Nearly every day, from the age of 9 until I was nearly 40, I stuffed food in my mouth like I was in an eating contest.
I devoured beyond the point of fullness. I kept eating because there was a burning desire inside me that demanded I put more food in my mouth.
I ate food out of the freezer, from the trash and off other people's plates in the sink. I ate burnt food, and — perhaps my most embarrassing moment — I ate my 10-year old daughter's half-eaten slice of pizza out of the trash can at a school fair, trying to hide my compulsion from the friends and teachers all around me.
While eating breakfast, I'd be planning my morning snack. While eating my morning snack, I'd be thinking about lunch, afternoon snacks and dinner.
Hunger and satiety cues did not exist in my world. I didn't eat because I felt hungry or stop eating because I felt full. I ate a reasonable amount of food in front of family and friends, but when I was alone, I ate like there was no tomorrow. I never really thought about why, it was just my normal.
This was my life for three decades. Now, at age 52, I've realized I had an eating disorder for over half my life and had no clue there was a name for what I did with food. I thought I was simply a pig.
Psychologist and eating disorder coach Heidi J. Dalzell told me: "Eating disorders are not actually about food. Eating disorders are a misuse of food due to other reasons, usually emotions."
As I binged, I was completely unaware that I was eating because of emotional trauma from my childhood. My parents were not good at showing love. My mother often hid cookies, never telling me why. I was too young to understand that I used food as a coping mechanism, and that mechanism stayed in place for 30 years.
The food I consumed only made me feel better momentarily. It tasted delicious, which gave me comfort and a sense of love I desperately needed. But my repetitive emotional eating evolved into a second problem — a full-blown eating disorder.
Eventually, I went to therapy to get to the root of why I was a compulsive overeater and a binger. I started attending Overeaters Anonymous (OA) meetings and reading good books. I remember sitting in OA rooms, shocked that people of all different ages, sizes and shapes had the same obsession as I did. There was healing in knowing I wasn't alone.
I've now been in recovery for over 12 years. I still wonder — how could I not have known? How could a relatively intelligent, college-educated woman not know she had an eating disorder, a serious mental and physical illness?
One reason is that society didn't discuss eating disorders back in the '80s and '90s, not the way we do now. The first facility dedicated to the treatment of eating disorders only opened in 1985, and it focused mainly on treating anorexics. When Karen Carpenter died in 1983 as a side effect of anorexia, the tragedy brought attention to her particular illness. I was 15 at the time and bingeing regularly. Because what I was doing was the polar opposite of starving myself, it never occurred to me that there might be a connection.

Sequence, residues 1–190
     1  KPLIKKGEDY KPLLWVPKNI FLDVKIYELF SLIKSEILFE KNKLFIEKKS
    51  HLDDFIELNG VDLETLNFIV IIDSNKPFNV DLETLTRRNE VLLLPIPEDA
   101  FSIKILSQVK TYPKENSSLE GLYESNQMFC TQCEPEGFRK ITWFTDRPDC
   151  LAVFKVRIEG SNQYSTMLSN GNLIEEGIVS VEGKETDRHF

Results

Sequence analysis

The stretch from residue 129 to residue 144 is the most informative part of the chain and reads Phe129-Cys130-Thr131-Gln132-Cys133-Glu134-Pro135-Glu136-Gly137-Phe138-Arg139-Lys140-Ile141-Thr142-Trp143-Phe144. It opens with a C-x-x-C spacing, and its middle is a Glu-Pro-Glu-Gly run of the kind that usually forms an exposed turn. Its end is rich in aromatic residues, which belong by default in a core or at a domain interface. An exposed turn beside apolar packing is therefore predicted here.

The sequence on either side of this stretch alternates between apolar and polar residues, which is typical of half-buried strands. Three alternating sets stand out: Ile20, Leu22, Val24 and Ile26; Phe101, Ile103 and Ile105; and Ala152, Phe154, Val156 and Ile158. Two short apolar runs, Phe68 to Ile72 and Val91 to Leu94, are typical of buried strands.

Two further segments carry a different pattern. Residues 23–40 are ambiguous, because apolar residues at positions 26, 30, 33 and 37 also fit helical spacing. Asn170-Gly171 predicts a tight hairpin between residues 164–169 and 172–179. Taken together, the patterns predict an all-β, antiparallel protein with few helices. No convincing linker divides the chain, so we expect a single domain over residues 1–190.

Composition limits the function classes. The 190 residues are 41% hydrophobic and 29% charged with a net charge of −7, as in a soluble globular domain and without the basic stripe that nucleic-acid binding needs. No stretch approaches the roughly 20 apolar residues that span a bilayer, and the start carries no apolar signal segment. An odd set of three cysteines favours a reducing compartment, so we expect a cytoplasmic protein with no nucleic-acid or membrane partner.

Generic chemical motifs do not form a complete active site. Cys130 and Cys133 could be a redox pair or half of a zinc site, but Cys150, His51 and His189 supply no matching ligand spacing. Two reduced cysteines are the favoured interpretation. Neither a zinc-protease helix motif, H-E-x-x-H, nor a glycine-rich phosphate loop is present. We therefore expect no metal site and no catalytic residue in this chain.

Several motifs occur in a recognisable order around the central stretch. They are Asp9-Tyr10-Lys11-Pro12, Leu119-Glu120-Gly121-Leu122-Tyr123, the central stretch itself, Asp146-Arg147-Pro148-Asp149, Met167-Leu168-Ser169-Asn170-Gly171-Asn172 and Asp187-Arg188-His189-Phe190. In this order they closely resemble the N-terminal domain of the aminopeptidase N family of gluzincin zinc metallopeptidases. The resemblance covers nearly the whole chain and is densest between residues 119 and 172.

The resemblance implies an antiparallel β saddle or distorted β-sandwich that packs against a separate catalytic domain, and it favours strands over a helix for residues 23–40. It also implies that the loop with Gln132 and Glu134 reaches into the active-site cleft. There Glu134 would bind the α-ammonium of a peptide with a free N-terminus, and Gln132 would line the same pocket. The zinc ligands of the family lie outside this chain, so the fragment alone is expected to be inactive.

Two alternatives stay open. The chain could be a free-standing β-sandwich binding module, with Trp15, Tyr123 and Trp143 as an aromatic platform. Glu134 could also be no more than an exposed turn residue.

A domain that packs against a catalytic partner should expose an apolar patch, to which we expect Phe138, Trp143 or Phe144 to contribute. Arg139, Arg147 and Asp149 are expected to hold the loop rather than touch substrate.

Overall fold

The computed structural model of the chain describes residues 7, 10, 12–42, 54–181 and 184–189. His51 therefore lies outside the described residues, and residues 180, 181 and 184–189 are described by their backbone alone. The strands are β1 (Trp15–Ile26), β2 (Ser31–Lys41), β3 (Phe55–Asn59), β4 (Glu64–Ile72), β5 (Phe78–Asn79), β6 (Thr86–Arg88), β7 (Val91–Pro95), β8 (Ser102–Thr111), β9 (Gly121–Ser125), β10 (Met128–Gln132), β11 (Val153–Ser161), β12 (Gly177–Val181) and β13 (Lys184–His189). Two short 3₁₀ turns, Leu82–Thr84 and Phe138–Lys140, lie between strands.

The complexity of eating disorders has long been misunderstood, both by the general public and the mental health profession. It wasn't until 1987 that the Diagnostic and Statistical Manual of Mental Disorders listed bulimia as a separate eating disorder and not until 2013 that binge eating disorder (BED) was recognized as its own condition.
While I was in the throes of my eating disorder, I felt like I was the only one on the planet who was obsessed with food. It blew my mind when I discovered websites, like OA, that were devoted to my experiences. I took solace in learning I wasn't the only one who ate enormous amounts of food in a short amount of time.
For most of my disordered-eating life, I couldn't plug into the abundant information and support that now exists on the internet. While social media can promote diet culture and unhealthy views about weight, it also increases eating disorder awareness. Social media is a lifeline for people like me who are seeking help, giving us access to vital networks and advice.
Social media shows us how many people share our struggles and provides role models, like Demi Lovato, who have recovered from anorexia, bulimia and BED. It also offered me a way to give back, once I recovered, by supporting others.
Recovery for me was a marathon, not a sprint. We all want things fixed in a hot minute, but real recovery from an eating disorder takes time, and I had to dig into my past with the help of a professional. Painful things happened to me that I'd squashed down with food and didn't want to face.
When I did, I learned that controlling food was a cry for help. I came to understand that having an eating disorder was not my fault. It's a treatable illness, and while recovery is a challenge, the journey is well worth it. It may have taken me 30 years to grasp the reality of my mental illness, but I'm on the other side. I'm not a slave to food anymore.Ronni Robinson lives in Pennsylvania. She has mixed emotions about recently becoming an empty nester. She is a three-time Ironman finisher, a certified spin instructor and the author of a memoir, Out of the Pantry: A Disordered Eating Journey. https://www.ronnirobinson.com/.